The exception is id. Remember too that not only elements and attributes but also PIs have names. In this case, the value returned by the local-name function is identical to the value returned by the name function. Indeed, that is true for all node types except elements and attributes. The value returned by the namespace-uri function when applied to a PI is an empty string.

If the first node in the node-set handled by local-name , namespace-uri , or name is the root node, a comment, or a text node, the returned value is likewise an empty string. Rather bizarrely, in my opinion, namespace nodes have expanded names. The namespace URI for a namespace node is always null. In the sample document, which declares three namespaces in the root element, all elements thus have three namespace nodes associated with them counting the namespace implicitly associated with the built-in xml : prefix ; their expanded names are, respectively, book , xlink , xml , and an empty string.

XPath - Number Operators / Functions

This document is an informal guide to the syntax of XPath 2. For formal specifications, see the XPath 2. This summary has been updated to include brief descriptions of those XPath 2. Saxon expressions may be used either in an XSL stylesheet, or as a parameter to various Java interfaces.

Please check the errata for any errors or issues reported since publication. See also translations. W3C liability , trademark and document use rules apply.

The XPath 1. When I was a kid, I loved watching my father work on cars. The objective was the get the gap just right, to ensure that the spark plug fired in just exactly the right way. A function in computer-language terms is like a spark-plug gapper.

Subscribe to RSS

This website uses cookies. By continuing to browse or login to this website, you consent to the use of cookies. Learn more. Lots of power, and several interesting languages are available for use. You could always call out to a Java class, so that was not all that limiting. With the advent of NSure Identity Manager 2. It is very readable and makes sense in English only, sorry to read, because the tokens, verbs, and nouns are all nicely described by their definition. There are currently two different implementations of it, one in iManager, and the other in Designer for Identity Manager. I personally like the Designer interface better, but that is more of a preference for the widgets and the responsiveness of a thick client Eclipse based versus a web application, that is always, by definition, a little slower to respond.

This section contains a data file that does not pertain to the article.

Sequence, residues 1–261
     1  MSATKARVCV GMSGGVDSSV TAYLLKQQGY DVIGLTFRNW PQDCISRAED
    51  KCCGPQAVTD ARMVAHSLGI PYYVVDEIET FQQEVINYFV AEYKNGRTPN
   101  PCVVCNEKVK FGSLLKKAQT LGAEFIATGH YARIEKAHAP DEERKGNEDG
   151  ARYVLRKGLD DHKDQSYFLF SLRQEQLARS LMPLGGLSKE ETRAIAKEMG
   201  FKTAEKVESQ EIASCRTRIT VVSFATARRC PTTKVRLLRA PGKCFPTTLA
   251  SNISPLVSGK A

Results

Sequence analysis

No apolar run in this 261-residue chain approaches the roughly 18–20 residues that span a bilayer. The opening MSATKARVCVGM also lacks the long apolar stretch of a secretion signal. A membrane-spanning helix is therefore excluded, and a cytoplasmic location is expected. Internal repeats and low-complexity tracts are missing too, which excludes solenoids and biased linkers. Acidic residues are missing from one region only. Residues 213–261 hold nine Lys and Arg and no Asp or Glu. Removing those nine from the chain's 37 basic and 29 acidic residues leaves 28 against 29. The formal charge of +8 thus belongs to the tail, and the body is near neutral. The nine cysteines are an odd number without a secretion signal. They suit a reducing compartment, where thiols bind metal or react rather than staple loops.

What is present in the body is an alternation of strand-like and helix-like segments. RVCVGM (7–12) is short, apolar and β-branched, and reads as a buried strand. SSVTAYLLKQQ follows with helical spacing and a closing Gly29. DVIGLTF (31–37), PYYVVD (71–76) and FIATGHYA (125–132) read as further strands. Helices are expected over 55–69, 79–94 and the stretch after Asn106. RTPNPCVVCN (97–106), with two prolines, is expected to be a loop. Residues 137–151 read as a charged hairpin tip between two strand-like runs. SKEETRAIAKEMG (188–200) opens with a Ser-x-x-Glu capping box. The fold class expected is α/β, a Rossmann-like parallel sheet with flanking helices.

XPath and XPointer by John Simpson

XPath uses path expressions to select nodes or node-sets in an XML document. The node is selected by following a path or steps. XPath uses path expressions to select nodes in an XML document. The most useful path expressions are listed below:. In the table below we have listed some path expressions with predicates and the result of the expressions:.

This content cannot be displayed without JavaScript. Please enable JavaScript and reload the page.

By using our site, you acknowledge that you have read and understand our Cookie Policy , Privacy Policy , and our Terms of Service. Stack Overflow for Teams is a private, secure spot for you and your coworkers to find and share information. All of these XPaths will select "" as a string as requested. You could also wrap any of the above expressions with a number function call if you actually want as a number rather than as a string.

Formats an integer according to a given picture string, using the conventions of a given natural language if specified. The rules that follow describe how non-negative numbers are output. The primary format token is always present and must not be zero-length.

XPath 2. Written for professional programmers who use XML every day but find the W3C XPath specifications tough to slog through, this book explains in everyday language what every construct in the language does and how to use it. It also offers background material on the design thinking behind the language, gentle criticism of the language specification when appropriate, and a diverse range of interesting examples in various application areas. Michael Kay. What is this book about? XPath 20 in Context.

.

Mar 10, - Using XPATH to get the position of a node in a node set: Novell Identity one node, counts the number of nodes till there, and adds one to it.

.

.

.

.

.

.

.

Comments: 5
  1. Donos

    This situation is familiar to me. It is possible to discuss.

  2. Moogugul

    You are mistaken. I suggest it to discuss. Write to me in PM, we will talk.

  3. Faejin

    The valuable information

  4. Yozshuhn

    What words... super

  5. Mezigrel

    I consider, that you are not right. I suggest it to discuss. Write to me in PM, we will communicate.

Thanks! Your comment will appear after verification.
Add a comment

© 2020 Online - Advisor on specific issues.